Giving harmony to L.A.

In 1987, Lillian Disney, wife of Walt Disney, gave a $50 million gift to create a music hall for the city of L.A.

With a piece of land leased by the county to create the building in downtown, architect Frank Gehry began working on the project, designed to mix the civic and cultural life of L.A.

The five-floor building is made up of more than 6,000 steel plates on the outside, of which very few are identical, and stands at the corner of Grand Avenue and First Street.

The building provides Angelenos another source of cultural expansion through music.

Music found in every corner

Some of the concerts that have been hosted in the hall include: “Bach Fest with Helmuth Rilling” and “Beethoven Missa solemnis,” both playing tribute to composers Johann Sebastian Bach and Ludwig van Beethoven.

“A performer always wants a perfect environment for their music,” art professor Norm Looney said. “At this place, you sound your best because it’s such a good acoustic hall; it’s perfect for a performer.”

Upcoming events include :”Toon Tunes for Families,” which will feature music animation and “Stone to Steel,” which will consist of music from the gothic era. The inaugural season for 2003- 2004 will end June 15 when a combination of new stars perform “The New Broadway.”

More than just music to enjoy

The music hall does not offer only musical concerts to the public. There are self-guided audio tours that anyone can attend for $10; senior citizens and students pay $8.

However, the tour doesn’t take the public into the auditorium due to the large number of rehearsals that take place prior to each performance. Yet other parts of the hall are available and have other sights to offer.

The third floor of the concert hall pays tribute to those who contributed money for the creation of the building.

With stainless steel letters embedded in gray felt, corporations like Ralphs/Food 4 Less, the W.M. Keck Foundation, The Boeing Company and SBS Foundation are immortalized in the walls of the hall and some even have a part of the building named after them.

Children may also find music solace

The music center’s Education Division engages in programs that take place in their W.M. Keck Foundation Children’s Amphitheater. The semicircle amphitheater, made of concrete and steel rails, is next to the music hall on its third floor garden. The audio tour calls this an “attempt to make children feel comfortable and not overwhelmed by the surroundings.”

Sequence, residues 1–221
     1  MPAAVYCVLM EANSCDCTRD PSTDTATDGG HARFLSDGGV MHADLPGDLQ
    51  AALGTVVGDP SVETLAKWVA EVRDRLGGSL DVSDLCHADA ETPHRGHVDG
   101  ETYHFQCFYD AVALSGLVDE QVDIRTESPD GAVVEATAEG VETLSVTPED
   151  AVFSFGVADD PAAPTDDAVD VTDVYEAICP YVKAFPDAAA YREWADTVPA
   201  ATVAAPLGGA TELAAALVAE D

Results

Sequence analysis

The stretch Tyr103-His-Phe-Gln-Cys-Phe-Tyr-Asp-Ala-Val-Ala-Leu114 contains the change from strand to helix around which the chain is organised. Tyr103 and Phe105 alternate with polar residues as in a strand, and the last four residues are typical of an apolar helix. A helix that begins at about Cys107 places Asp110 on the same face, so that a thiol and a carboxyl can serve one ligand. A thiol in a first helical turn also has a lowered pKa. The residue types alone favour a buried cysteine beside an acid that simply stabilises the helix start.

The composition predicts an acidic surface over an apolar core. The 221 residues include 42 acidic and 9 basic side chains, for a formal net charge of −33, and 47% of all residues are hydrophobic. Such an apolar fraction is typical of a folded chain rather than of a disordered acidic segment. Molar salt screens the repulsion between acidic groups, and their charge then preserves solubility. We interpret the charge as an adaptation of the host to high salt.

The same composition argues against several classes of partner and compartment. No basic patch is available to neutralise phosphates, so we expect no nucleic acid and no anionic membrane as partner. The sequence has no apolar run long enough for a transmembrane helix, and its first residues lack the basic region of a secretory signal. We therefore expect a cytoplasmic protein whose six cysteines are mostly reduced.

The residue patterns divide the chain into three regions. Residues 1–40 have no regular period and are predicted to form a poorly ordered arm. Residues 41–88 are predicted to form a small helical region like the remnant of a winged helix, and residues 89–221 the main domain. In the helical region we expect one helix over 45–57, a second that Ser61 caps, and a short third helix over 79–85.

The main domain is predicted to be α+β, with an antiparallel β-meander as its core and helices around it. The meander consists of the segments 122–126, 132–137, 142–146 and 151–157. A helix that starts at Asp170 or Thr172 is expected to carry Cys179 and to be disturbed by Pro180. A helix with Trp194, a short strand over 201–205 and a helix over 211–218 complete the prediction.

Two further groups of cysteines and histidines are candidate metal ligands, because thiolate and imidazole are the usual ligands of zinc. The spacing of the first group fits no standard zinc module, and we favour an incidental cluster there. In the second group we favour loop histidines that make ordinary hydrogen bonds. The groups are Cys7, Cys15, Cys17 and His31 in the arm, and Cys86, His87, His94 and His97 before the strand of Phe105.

The hall is also the host to the only permanent exhibition space for the Library of Congress outside of Washington D.C. The exhibit changes every six months but always displays music, architecture or film memorabilia.

In the displays are vinyl records of “The Mamas and the Papas,” Ritchie Valenz’s music notes for his song “Come On let’s Go” and a Hit Kit from the former owner of the Anaheim Angels, Gene Autry. Every object is a loan and must be returned in the conditions in which they are received.

Landmarks viewed from all sides

From the third floor garden, one can get a view of many buildings in L.A. To the south, for example, is the Los Angeles Public Library; one can also get a view of the cathedral of Our Lady of the Angels; to the east is City Hall and to the west is the Los Angeles Times.

In the middle of all these buildings, the concert hall blends in with its surroundings, while still maintaining its own identity. The double glass used for the building’s windows and glass doors prevent any outside noise from entering the hall and the garden offers a place to relax amid a variation of greenery.

“L.A. is so interesting and diverse, yet we don’t have landmarks like other cities,” Looney said. “Paris has the Eiffel Tower and New York has the Empire State Building. Not to compare the Disney hall with the Eiffel tower, but it does put L.A. on the map, showing that we do have architecture.”